I have done it! I have finished my latest historical romance!
Hooray, I hear you say. At last.
It has been polished, re-polished and sent winging its merry way to The Editor, the god-like creature who will pronounce judgement upon my baby. As some old writer hack said, “parting is such sweet sorrow.”
It is an anxious time.
But while I wait, chewing my nails to the quick, I have been pondering on Life, the Universe and…
This week I have been remembering the first draft of my first book. Well, the first book I actually completed.
I remember that it was written by hand, mostly while I was waiting for books to be retrieved from the stack in a very famous library.
The leather-bound tomes, the scholarly hush, the dust dancing in the sunbeams, the academics concentrating all around me…. oh, I remember them as if I’ve only just walked in from that day with my book bag stuffed with notes and my head full of my characters.
Or sometimes I wrote that first draft while I was waiting for an old friend in our favourite coffee shop.
When inspiration struck there, I sometimes scribbled the idea down on any old scrap of paper — including a cafe napkin once or twice.
Revisiting the Romantic Hero Formula —
except that there isn’t a formula, as I tried to show in the first blog on this topic. So, instead, I’m going to explore some aspects of creating the romantic hero.
With examples from a master of the art of hero-creation — Georgette Heyer.
Which Qualities Make a Romantic Hero Attractive — to Readers?
Most of us would say that our aim in writing romance is to create a heroine that our readers will identify with and a hero that they will lust after. Warning: it is not easy to do and not all readers will respond in the same way. Some may adore our hero and some may hate him. As romance authors, we’re winning if we have a lot more of the former. 😉
Tall Dark and Handsome?
Tall dark and handsome? Not necessarily. As readers we probably all have favourite heroes who are none of those. As writers, we may have created some of them, too.
Most telling recent example? Who became the abiding hero in the Game of Thrones series? Yes, Tyrion, the dwarf. Continue reading →
This week I spent a day with Georgette Heyer. Billed as The Nonesuch Conference, this was at a hybrid gathering at London University, offering a selection of papers from accredited academics together with reader/writer participation from people labelled in the programme as independent scholars.
Clearly, and heartwarmingly, most of the speakers I heard were also fans.
It was preceded by a writing workshop the day before. And there was a Regency Soirée in the evening after the conference, which sounds like a lot of fun.
Sadly, I couldn’t make either of these events. For one thing I’m still convalescent. (My energy gives out unexpectedly, so I didn’t want to push it.) For another, the programme was really full. Academics seemed to be supercharged, cheerily steaming from session to session, enthusiasm still at white heat.
When I read my notes I was astonished at the sheer volume of ideas I had noted down for further consideration. Continue reading →
Let’s hear it for the heroes! Tall, dark and handsome?
Hero = handsome; heroine = beautiful?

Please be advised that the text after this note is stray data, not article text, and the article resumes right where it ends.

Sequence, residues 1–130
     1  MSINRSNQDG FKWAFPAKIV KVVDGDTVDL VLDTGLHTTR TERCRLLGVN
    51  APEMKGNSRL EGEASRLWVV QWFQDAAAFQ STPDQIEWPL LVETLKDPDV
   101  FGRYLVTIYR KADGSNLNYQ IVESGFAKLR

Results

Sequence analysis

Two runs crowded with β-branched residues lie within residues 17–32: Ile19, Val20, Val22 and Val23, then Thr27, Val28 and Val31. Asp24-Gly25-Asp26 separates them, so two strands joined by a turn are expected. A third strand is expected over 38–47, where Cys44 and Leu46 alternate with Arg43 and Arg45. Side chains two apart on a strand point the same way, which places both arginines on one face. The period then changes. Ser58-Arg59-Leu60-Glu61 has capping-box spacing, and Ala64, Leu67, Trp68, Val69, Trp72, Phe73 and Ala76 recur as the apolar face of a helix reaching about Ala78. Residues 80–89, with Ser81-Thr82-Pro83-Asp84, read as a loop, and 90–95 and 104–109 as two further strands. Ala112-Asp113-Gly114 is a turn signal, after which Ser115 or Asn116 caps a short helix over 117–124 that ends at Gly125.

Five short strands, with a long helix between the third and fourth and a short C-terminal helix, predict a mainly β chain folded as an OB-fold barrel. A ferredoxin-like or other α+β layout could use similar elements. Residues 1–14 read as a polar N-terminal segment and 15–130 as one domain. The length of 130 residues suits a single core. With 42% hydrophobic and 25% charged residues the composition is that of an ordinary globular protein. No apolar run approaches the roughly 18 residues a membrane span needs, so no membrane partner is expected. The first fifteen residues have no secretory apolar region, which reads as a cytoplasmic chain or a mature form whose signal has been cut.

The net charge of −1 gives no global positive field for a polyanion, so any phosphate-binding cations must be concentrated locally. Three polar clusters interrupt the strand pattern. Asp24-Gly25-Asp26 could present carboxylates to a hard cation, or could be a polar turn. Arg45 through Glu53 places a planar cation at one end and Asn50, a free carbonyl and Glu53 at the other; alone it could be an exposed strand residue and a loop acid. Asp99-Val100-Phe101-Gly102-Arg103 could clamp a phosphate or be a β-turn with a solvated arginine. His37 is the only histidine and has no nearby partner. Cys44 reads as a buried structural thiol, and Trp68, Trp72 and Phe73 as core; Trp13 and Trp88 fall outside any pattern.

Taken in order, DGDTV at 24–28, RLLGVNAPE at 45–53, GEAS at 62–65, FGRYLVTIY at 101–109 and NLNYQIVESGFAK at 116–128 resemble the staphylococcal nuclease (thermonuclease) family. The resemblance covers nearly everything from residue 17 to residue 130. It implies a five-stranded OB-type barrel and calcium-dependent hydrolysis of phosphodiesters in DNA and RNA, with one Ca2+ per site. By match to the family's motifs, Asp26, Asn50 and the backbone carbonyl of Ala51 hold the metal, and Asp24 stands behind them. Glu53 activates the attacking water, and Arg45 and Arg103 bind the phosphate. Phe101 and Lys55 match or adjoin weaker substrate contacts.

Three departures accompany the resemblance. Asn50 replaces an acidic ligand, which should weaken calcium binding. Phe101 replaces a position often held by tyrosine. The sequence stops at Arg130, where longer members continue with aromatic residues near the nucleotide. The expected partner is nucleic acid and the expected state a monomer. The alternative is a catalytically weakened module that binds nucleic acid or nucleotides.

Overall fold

Bestselling author Susanna Kearsley published a blog last week that asks a thought-provoking question about romantic heroines: — why is it that “some readers, when faced with a blank face, are programmed to fill in the features as ‘beautiful’?”
A disturbing question, too, perhaps.
But what about the heroes? Do we readers fill in male features in a similar way? Why?
Do the heroes of our imagination have to be tall, dark and handsome? Continue reading →
By Day 8, the True Love is getting more ambitious and, frankly, a bit cracked.
Today’s gift embraces both livestock and human trafficking. This is seriously dodgy territory now. He’s clearly into all things quaint, traditional and with just a hint of the Good Old Days. Maybe even Heritage.
I feel we’re beginning to detect some disturbing undercurrents in these so-called gifts. Are they not just another way of tying his Beloved to endless cleaning and animal husbandry? Only now she’ll have staff to placate as well. Not a good outlook. Continue reading →
I’m intrigued by subtext and, in particular, the space between the words in a novel.
Yet perhaps the most perfect example of this is not in a novel at all, but in a movie. It’s the little miracle that is Roman Holiday, starring a luminous Audrey Hepburn as a stifled princess. Gorgeous Gregory Peck plays against type as a distinctly dodgy expat newspaperman. They don’t have a Happy Ever After ending, either. Yet its perfect, mostly because of that extra layer of meaning.
Why Subtext in Roman Holiday is Interesting for Novelists
Writing for a reader is how I finished my very first book. That probably sounds strange, after my heartfelt blog about writing for one’s own inner reader. But the truth is that, although I’d been writing all my life, the very first book I finished was written for a particular reader.
When we read fiction set in the Regency period, we often come across references to sea journeys but, usually, they’re over pretty quickly. On one page, we’re at Dover or Harwich or Falmouth. A paragraph or two later, we’ve arrived at our destination and the story continues. (Not in all fiction, of course. Who could forget Mary Challoner’s horrendous cross-Channel trip in Heyer’s Devil’s Cub? Still, at least Vidal proffered a basin at the vital moment.)
Nowadays, our ships have GPS and radar and even engines! 😉 So this modern figure, staring out over a slightly stormy sea, has little to fear from going on board. But what was it really like, making a sea voyage on one of the Regency’s relatively tiny and fragile sailing craft?